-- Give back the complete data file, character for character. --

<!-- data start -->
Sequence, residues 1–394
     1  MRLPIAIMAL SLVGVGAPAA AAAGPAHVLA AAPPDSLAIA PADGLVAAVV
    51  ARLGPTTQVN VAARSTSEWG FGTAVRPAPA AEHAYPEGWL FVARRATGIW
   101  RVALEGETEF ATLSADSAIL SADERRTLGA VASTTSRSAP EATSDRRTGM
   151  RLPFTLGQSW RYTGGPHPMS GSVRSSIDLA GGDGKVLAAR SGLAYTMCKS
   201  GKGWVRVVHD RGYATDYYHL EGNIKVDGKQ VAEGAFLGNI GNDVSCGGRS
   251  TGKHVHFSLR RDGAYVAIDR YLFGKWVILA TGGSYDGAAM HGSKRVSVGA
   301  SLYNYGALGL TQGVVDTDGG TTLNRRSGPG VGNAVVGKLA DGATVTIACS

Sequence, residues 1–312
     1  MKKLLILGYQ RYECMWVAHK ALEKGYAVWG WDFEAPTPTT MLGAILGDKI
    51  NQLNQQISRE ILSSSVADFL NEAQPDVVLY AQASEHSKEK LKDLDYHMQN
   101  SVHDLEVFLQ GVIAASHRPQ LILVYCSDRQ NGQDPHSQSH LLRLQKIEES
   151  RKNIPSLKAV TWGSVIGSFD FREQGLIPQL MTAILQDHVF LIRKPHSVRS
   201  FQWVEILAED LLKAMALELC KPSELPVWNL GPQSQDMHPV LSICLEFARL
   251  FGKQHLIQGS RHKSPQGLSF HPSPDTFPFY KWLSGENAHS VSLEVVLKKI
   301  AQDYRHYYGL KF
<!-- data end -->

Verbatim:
Sequence, residues 1–394
     1  MRLPIAIMAL SLVGVGAPAA AAAGPAHVLA AAPPDSLAIA PADGLVAAVV
    51  ARLGPTTQVN VAARSTSEWG FGTAVRPAPA AEHAYPEGWL FVARRATGIW
   101  RVALEGETEF ATLSADSAIL SADERRTLGA VASTTSRSAP EATSDRRTGM
   151  RLPFTLGQSW RYTGGPHPMS GSVRSSIDLA GGDGKVLAAR SGLAYTMCKS
   201  GKGWVRVVHD RGYATDYYHL EGNIKVDGKQ VAEGAFLGNI GNDVSCGGRS
   251  TGKHVHFSLR RDGAYVAIDR YLFGKWVILA TGGSYDGAAM HGSKRVSVGA
   301  SLYNYGALGL TQGVVDTDGG TTLNRRSGPG VGNAVVGKLA DGATVTIACS

Sequence, residues 1–312
     1  MKKLLILGYQ RYECMWVAHK ALEKGYAVWG WDFEAPTPTT MLGAILGDKI
    51  NQLNQQISRE ILSSSVADFL NEAQPDVVLY AQASEHSKEK LKDLDYHMQN
   101  SVHDLEVFLQ GVIAASHRPQ LILVYCSDRQ NGQDPHSQSH LLRLQKIEES
   151  RKNIPSLKAV TWGSVIGSFD FREQGLIPQL MTAILQDHVF LIRKPHSVRS
   201  FQWVEILAED LLKAMALELC KPSELPVWNL GPQSQDMHPV LSICLEFARL
   251  FGKQHLIQGS RHKSPQGLSF HPSPDTFPFY KWLSGENAHS VSLEVVLKKI
   301  AQDYRHYYGL KF